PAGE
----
Early life and education
McConnell was born in Tuscumbia, Alabama to Julia Shockley and Addison Mitchell McConnell,. His official U.S. Senate Web site biography omits his Alabama birthplace, stating that he was "Born on February 20, 1942, and raised in south Louisville". McConnell was challenged early in life when he was stricken with polio at age two:
"When I was two years old, I came down with an infection that felt a lot like the flu. But after the fever passed, my left leg had gone lame. For two years my mother put me through a physical therapy regimen taught to her by the doctors at the Roosevelt Warm Springs Institute for Rehabilitation, founded by President Roosevelt in Warm Springs, Georgia. From age two to four, I was not allowed to walk or run. But after two years of my mother's care, I was able to have a normal life. A lot of kids at that time, in the 1940s, weren't so lucky. Some were paralyzed for life. Some were sentenced to the iron lung. Many died."Eradication of polio as a scourge was one of the premier successes of the American government; it began under Roosevelt and continued for decades under the Center for Disease Control. McConnell was raised in southern Louisville, Kentucky, where he attended the duPont Manual High School, and in 1964 he graduated with honors from the University of Louisville College of Arts and Sciences. He was student body president and a member of the Phi Kappa Tau fraternity. He graduated in 1967 from the University of Kentucky College of Law, where he was elected the president of the Student Bar Association.
McConnell became a member of the 100th Training Unit, U.S. Army Reserve, in Louisville, Kentucky during his final semester of law school, and he reported for his six months of active service, primarily for training, in July 1967. After induction at Fort Knox, Kentucky, McConnell was released early from his active-duty military service in August 1967.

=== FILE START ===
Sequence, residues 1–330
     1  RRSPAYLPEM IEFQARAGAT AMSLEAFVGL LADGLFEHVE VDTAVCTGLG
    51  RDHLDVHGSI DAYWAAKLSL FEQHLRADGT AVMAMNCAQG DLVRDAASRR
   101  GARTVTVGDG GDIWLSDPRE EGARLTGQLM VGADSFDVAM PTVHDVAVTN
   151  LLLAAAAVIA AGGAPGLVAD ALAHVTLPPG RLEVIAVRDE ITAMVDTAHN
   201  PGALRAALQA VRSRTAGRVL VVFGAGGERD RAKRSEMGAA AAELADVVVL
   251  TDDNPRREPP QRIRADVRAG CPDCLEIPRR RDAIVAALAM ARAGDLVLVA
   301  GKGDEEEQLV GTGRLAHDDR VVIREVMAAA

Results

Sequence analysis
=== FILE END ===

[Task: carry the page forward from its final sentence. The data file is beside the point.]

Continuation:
Career prior to the Senate
In March 1967, during his final semester of law school, McConnell gained experience on Capitol Hill as an intern under Senator John Sherman Cooper, later as an assistant to Senator Marlow Cook, and was a Deputy Assistant Attorney General under President Gerald R. Ford. From 1978 until his election to the Senate, he was the Jefferson County Judge/Executive, the top political office in Jefferson County, which includes Louisville.
Initial election and subsequent re-elections
In 1984, McConnell ran against two-term Democratic Senator Dee Huddleston. The election race wasn't decided until the last returns came in, and McConnell won by a thin margin — less than one-half of a percentage point. McConnell was the only Republican Senate challenger to win that year, despite Ronald Reagan's landslide victory in the presidential election. Part of McConnell's success came from a series of television campaign spots called "Where's Dee", which featured a group of bloodhounds trying to find Huddleston, implying that Huddleston's attendance record in the Senate was less than stellar. It is likely that he was helped by Ronald Reagan's 21-point win in Kentucky that year. His campaign bumper stickers and television ads asked voters to "Switch to Mitch".
In 1990, McConnell faced a tough reelection contest against former Louisville mayor Harvey I. Sloane, winning by 4.5 points. He soundly defeated Steve Beshear in 1996, even as Bill Clinton narrowly carried the state. In keeping with a tradition of humorous and effective television ads in his campaigns, McConnell's campaign ran television ads in 1996 that warned voters to not "Get Besheared" and included images of sheep being sheared. In 2002, he was reelected with the largest majority by a Republican candidate in Kentucky history.
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